Photo Finish

Photo LA buildings

What was the best part of Photo Independent this year? Held once again in its 4th iteration at The Reef in DTLA, there were over 156 exhibitors, and it’s difficult indeed to choose.

Photo LA Kitchen

Photographer E.F. Kitchen was awarded “Best in Show,” the result being a booth at Photo Independent next year.

Here are a few of the highlights in a strong exhibition attended by over 3500 art lovers this year:

Photo LA Martin Cox

Photographer Martin Cox created photographs of images far removed from the LA zeitgeist: beautiful, wintery images of snow in Iceland. The images are from a landscape series Cox created during a residency in Iceland.

Photo LA Olie

Also far from LA: the work of Olie Marius Joergensen from Norway, justifiably dubbed “one of the top six photographers to watch” at the fair. Ethereal images with mysterious softness.

Photo L A Andy Burgess

Andy Burgess, a U.K. native now residing in Arizona enjoys working in analog rather than digital images, and his photographs have a lush aspect reminiscent of noir filmmaking. The artist is launching his own Dark Spring Press to create limited edition photography books for individual artists.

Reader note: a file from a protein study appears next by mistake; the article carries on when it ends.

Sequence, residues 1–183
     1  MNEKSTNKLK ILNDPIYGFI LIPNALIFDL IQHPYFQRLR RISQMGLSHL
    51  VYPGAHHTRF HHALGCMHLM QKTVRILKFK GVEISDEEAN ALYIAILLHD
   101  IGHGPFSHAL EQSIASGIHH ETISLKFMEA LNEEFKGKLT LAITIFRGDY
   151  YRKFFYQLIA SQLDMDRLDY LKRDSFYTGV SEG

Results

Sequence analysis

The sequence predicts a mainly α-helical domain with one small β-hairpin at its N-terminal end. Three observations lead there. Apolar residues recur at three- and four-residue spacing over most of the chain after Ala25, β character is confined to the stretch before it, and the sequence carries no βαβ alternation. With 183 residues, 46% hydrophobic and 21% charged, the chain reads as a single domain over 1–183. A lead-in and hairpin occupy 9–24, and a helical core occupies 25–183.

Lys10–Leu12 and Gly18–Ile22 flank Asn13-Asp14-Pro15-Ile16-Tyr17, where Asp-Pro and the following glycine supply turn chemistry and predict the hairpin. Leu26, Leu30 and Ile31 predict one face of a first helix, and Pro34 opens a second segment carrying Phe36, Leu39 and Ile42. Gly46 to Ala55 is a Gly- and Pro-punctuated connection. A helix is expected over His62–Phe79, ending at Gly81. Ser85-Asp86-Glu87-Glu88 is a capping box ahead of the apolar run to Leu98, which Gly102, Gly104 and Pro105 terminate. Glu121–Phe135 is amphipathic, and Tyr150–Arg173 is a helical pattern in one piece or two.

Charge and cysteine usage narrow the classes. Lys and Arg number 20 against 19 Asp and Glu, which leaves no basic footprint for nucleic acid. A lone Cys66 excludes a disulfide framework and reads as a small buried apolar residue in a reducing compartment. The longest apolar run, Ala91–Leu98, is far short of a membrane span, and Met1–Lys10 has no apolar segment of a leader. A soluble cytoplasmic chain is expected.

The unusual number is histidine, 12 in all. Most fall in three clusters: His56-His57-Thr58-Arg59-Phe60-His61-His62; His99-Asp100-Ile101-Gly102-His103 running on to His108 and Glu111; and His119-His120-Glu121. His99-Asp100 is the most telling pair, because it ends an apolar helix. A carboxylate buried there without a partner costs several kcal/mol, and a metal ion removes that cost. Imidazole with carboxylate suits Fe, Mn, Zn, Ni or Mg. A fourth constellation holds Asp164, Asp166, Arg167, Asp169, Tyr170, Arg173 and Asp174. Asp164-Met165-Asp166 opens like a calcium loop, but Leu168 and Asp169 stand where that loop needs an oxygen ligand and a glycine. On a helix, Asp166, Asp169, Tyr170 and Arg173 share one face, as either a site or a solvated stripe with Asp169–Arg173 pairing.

Photo LA Jane



Jane Szabo’s new series Family Matters was on display – stunningly realized simple images of still-life objects on dark backgrounds that pulse with life.

Photo LA Jane wide shot

Szabo infuses inanimate objects with history and resonance and creates visual poetry.

Photo LA Richard Chow

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Richard Chow’s luminous Urbanscape created sculptural looks at city life.

Photo LA Donn Dleson

Donn Delson’s aerial landscapes dazzled with rich abstract takes on the world from above.

Cathy Immordino